Each computer system 800 may include a communication interface 814 coupled to the bus 806. The communication interface 814 provides two-way communication between computer systems 800. The communication interface 814 of a respective computer system 800 transmits and receives electrical, electromagnetic or optical signals, that include data streams representing various types of signal information, e.g., instructions, messages and data. A communication link 815 links one computer system 800 with another computer system 800. For example, the communication link 815 may be a LAN, in which case the communication interface 814 may be a LAN card, or the communication link 815 may be a PSTN, in which case the communication interface 814 may be an integrated services digital network (ISDN) card or a modem.

A computer system 800 may transmit and receive messages, data, and instructions, including program, i.e., application, code, through its respective communication link 815 and communication interface 814. Received program code may be executed by the respective processor(s) 807 as it is received, and/or stored in the storage device 810, or other associated non-volatile media, for later execution.

In an embodiment, the computer system 800 operates in conjunction with a data storage system 831, e.g., a data storage system 831 that contains a database 832 that is readily accessible by the computer system 800. The computer system 800 communicates with the data storage system 831 through a data interface 833. A data interface 833, which is coupled to the bus 806, transmits and receives electrical, electromagnetic or optical signals, that include data streams representing various types of signal information, e.g., instructions, messages and data. In embodiments of the invention, the functions of the data interface 833 may be performed by the communication interface 814.

Computer system 800 includes a bus 806 or other communication mechanism for communicating instructions, messages and data, collectively, information, and one or more processors 807 coupled with the bus 806 for processing information. Computer system 800 also includes a main memory 808, such as a random access memory (RAM) or other dynamic storage device, coupled to the bus 406 for storing dynamic data and instructions to be executed by the processor(s) 807. The main memory 808 also may be used for storing temporary data, i.e., variables, or other intermediate information during execution of instructions by the processor(s) 807.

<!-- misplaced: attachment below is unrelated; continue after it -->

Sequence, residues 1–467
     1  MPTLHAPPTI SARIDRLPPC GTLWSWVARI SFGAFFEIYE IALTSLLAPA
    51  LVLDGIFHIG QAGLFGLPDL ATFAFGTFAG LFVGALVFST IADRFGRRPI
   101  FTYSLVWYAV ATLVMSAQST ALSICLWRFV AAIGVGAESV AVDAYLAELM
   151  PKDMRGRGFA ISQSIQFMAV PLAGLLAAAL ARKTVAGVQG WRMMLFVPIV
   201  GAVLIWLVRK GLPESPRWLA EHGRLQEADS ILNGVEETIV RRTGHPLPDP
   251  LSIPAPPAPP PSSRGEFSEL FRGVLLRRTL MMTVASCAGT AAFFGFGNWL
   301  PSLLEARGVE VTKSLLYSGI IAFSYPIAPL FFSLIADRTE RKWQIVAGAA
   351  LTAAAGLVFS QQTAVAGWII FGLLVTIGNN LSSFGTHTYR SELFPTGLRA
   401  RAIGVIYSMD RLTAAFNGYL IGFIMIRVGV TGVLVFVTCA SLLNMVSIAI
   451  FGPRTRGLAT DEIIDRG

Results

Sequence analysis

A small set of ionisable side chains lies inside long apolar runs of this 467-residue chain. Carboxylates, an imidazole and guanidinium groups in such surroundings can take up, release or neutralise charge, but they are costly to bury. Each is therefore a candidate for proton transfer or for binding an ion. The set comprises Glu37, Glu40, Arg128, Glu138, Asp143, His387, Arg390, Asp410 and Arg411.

The computer system 400 may further include a read only memory (ROM) 809 or other static storage device coupled to the bus 806 for storing static data and instructions for the processor(s) 807. A storage device 810, such as a magnetic disk or optical disk, may also be provided and coupled to the bus 806 for storing data and instructions for the processor(s) 807.

A computer system 800 may be coupled via the bus 806 to a display device 811, such as, but not limited to, a cathode ray tube (CRT), for displaying information to a user. An input device 812, e.g., alphanumeric and other keys, is coupled to the bus 806 for communicating information and command selections to the processor(s) 807.

According to one embodiment of the invention, an individual computer system 800 performs specific operations by their respective processor(s) 807 executing one or more sequences of one or more instructions contained in the main memory 808. Such instructions may be read into the main memory 808 from another computer-usable medium, such as the ROM 809 or the storage device 810. Execution of the sequences of instructions contained in the main memory 808 causes the processor(s) 807 to perform the processes described herein. In alternative embodiments, hard-wired circuitry may be used in place of or in combination with software instructions to implement the invention. Thus, embodiments of the invention are not limited to any specific combination of hardware circuitry and/or software.